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Author Topic: Could this be done with Mach  (Read 13303 times)

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kencor1

• 103
Could this be done with Mach
« on: August 20, 2011, 11:02:01 AM »
I am thinking about trying to build a Wood Lathe controlled by Mach. But I would need 2 cutters that are about 1.5 inches spaced apart following the same z axis but the 2 X axis would happen at different times. The 1st cutter would be a roughing cutter and would leave approx. .25 from the final dia. the other cutter is a finish knife that will take it down to the finish dia. They would both be tied to the same Z axis. This is how one of the commercially made lathes are. I have racked my brain but I don't think that Mach can do this. Can anyone think of a way that this might be done

Thanks,
Tom

Here is a link to a video of a commercial machine doing what I am trying to accomplish
« Last Edit: August 20, 2011, 11:06:09 AM by kencor1 »

budman68

• 2,352
Re: Could this be done with Mach
« Reply #1 on: August 20, 2011, 11:38:59 AM »
Hi Tom,

I have no idea if Mach can do this, but I'm just curious looking at the video, isn't there actually 3 cutters?

One to turn the blank to a given diameter, then the rough and then the finish knives?

Dave
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DaOne

• 236
Re: Could this be done with Mach
« Reply #2 on: August 20, 2011, 12:10:18 PM »
Yes this can be done with Mach. It is simply a 3 axis machine. You will not be able to show the correct toolpath simulation in Mach however. The way I would set it up depends on the post processor that you intend to be using. A simple way would be a simple 2 axis lathe setup with X as the rougher and A as the finisher. If you having an issue wrapping your head around this just think about 3D ball milling on a 3 axis mill. All 3 axises are driven simultaneously. Where it become complicated is in creating the G-code.

kencor1

• 103
Re: Could this be done with Mach
« Reply #3 on: August 20, 2011, 12:18:15 PM »
Dave, yes the video shows a pre-rounding cutter. I would not need to use a pre-rough cutter because my turnings would have square and turned areas.

DaOne - do you have any ideas on how the g-code would be created? Or what the code would even look like?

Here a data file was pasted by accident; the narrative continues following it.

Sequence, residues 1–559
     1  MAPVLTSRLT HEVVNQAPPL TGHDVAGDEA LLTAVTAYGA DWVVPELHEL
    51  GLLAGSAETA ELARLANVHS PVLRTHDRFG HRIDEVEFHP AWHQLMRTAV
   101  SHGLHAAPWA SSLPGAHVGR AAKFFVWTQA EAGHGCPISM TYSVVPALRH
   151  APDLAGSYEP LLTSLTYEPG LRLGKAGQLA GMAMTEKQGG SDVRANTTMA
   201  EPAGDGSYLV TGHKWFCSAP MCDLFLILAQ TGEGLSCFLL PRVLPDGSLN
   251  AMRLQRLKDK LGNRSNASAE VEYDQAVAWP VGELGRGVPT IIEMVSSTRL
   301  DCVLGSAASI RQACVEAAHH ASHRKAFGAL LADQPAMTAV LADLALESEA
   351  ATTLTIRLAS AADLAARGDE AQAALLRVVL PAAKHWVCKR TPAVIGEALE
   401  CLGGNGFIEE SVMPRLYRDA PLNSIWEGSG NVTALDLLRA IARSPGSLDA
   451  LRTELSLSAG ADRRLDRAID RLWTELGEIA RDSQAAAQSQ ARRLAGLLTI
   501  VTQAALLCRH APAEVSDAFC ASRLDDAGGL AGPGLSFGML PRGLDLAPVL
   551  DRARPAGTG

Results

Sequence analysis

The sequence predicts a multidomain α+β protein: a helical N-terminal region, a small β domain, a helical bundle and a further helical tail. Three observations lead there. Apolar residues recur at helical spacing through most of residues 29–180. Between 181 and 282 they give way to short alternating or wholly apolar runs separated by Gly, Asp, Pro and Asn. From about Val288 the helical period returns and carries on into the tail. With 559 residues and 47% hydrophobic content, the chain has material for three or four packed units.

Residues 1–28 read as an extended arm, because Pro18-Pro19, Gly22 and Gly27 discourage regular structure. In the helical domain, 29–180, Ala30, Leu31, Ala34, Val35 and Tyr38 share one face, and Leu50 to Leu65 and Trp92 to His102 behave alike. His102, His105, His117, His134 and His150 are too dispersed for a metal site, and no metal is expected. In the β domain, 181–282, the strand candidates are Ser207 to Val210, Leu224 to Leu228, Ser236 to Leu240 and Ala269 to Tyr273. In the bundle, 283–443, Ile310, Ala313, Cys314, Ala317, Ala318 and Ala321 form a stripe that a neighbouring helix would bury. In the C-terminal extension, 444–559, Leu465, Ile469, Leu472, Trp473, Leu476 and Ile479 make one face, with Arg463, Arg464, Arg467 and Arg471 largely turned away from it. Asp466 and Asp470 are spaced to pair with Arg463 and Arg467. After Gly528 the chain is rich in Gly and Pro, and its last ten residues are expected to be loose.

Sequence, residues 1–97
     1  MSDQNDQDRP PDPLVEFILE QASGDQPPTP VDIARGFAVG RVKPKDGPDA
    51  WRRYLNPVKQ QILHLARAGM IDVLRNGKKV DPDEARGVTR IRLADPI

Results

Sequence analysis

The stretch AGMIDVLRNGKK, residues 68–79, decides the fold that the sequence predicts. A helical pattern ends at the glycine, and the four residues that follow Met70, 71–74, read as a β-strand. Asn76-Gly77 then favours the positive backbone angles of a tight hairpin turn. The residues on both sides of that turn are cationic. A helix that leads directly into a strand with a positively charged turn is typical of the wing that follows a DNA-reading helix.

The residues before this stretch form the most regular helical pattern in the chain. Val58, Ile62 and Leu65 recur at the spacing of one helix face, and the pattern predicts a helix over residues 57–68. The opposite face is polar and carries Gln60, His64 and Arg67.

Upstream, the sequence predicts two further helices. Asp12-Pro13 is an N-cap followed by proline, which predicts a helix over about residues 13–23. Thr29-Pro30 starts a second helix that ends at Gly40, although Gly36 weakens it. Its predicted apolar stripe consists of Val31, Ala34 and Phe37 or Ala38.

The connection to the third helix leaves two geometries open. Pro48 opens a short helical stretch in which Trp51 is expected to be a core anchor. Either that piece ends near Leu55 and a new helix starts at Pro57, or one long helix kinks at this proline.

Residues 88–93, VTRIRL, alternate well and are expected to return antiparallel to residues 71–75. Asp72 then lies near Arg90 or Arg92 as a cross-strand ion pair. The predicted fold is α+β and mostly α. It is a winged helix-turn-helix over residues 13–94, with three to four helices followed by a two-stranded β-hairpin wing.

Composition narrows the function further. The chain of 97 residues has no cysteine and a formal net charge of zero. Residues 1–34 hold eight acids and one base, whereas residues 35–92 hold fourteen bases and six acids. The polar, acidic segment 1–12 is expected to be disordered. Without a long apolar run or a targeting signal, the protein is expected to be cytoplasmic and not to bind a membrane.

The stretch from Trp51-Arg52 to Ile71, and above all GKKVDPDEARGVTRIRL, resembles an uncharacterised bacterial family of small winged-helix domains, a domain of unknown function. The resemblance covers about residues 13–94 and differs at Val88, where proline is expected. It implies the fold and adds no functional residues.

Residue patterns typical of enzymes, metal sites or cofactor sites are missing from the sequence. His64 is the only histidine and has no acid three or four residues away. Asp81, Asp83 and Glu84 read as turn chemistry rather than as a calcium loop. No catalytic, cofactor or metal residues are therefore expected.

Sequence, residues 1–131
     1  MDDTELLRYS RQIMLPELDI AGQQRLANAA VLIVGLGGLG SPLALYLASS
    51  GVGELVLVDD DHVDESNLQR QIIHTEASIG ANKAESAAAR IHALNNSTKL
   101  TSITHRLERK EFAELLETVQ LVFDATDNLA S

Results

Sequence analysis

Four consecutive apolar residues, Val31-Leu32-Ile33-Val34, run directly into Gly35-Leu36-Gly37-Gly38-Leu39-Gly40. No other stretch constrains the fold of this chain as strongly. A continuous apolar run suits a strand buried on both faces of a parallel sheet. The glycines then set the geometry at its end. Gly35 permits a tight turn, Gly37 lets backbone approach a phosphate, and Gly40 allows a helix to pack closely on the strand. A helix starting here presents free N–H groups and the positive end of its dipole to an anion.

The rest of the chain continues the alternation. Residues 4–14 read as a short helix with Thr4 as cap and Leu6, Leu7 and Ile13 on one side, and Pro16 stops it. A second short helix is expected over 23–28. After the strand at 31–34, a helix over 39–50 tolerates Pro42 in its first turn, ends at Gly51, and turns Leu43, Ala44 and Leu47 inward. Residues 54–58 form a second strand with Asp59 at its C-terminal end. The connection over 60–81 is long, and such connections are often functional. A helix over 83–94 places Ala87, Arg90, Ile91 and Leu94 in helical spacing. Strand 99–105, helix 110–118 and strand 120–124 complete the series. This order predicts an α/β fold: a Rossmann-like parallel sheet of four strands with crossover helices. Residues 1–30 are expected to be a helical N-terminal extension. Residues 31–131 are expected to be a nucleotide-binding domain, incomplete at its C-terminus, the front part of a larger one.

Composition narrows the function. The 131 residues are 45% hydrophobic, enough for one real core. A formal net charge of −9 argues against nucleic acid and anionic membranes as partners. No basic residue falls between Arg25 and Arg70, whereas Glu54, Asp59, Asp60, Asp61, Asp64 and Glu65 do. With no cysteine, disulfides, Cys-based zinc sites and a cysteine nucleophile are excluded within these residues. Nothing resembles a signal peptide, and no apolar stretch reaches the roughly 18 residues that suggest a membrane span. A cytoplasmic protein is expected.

Thanks,
Tom

DaOne

• 236
Re: Could this be done with Mach
« Reply #4 on: August 20, 2011, 12:25:48 PM »
Well since your Z is always the same on both tools you need to figure out the time it takes between the tools to be in the same spot to start using the finishing axis (A) and the give it the commands with X. It basically just a simple delay based on the feed rate of Z. You can always post out the roughing... then the finishing. Figure out timing point (offset) to graft them together. Like I say the G-code is the issue not Mach. Mach with just do what its told.

kencor1

• 103
Re: Could this be done with Mach
« Reply #5 on: August 20, 2011, 12:44:44 PM »
Thanks DaOne, do you have any suggestions on how I would set up a post, or how I would "graft" the tool paths together, would I have to manually do it? Lets say the delay is 1 second between tools.

Tom

DaOne

• 236
Re: Could this be done with Mach
« Reply #6 on: August 20, 2011, 12:56:22 PM »
I wish I could. Its all about math and will probably take some trial and error to get it just right. If It was me I think a single cutter (each axis would have its own pass) would be much easier to use. I would just do it in 2 passes. I am not familiar with wood lathe cam packages to recommend anything.

Wes

BR549

• 6,965
Re: Could this be done with Mach
« Reply #7 on: August 20, 2011, 01:42:36 PM »
HUM I don't see that happening with mach3.  The problem is running two independant axis's in sync with z to do the 2 profiles at the same time.

I don't see any way to Gcode that with Mach3.  Could be wrong though(;-)

What I would do is do a standard lathe setup with a tool changer and multiple passes.

(;-) TP

kencor1

• 103
Re: Could this be done with Mach
« Reply #8 on: August 20, 2011, 01:45:44 PM »
Thanks for the replys, the problem with running 2 tool paths is that with a wood lathe the work piece has to run through a steady rest, so after the 1st cut there will be no stock left on the work piece to be supported by the steady rest and the finish pass will produce a lot of chatter and the finished work will need way too much sanding. Hopefully someone else may have am idea on how to make this work.

Tom

BR549

• 6,965
Re: Could this be done with Mach
« Reply #9 on: August 20, 2011, 02:35:16 PM »
That is WHY they used a rigid precutter in the vid it serves 2 purposes prerounds the square  AND helps support the work(;-)

Let us know what you find, (;-) TP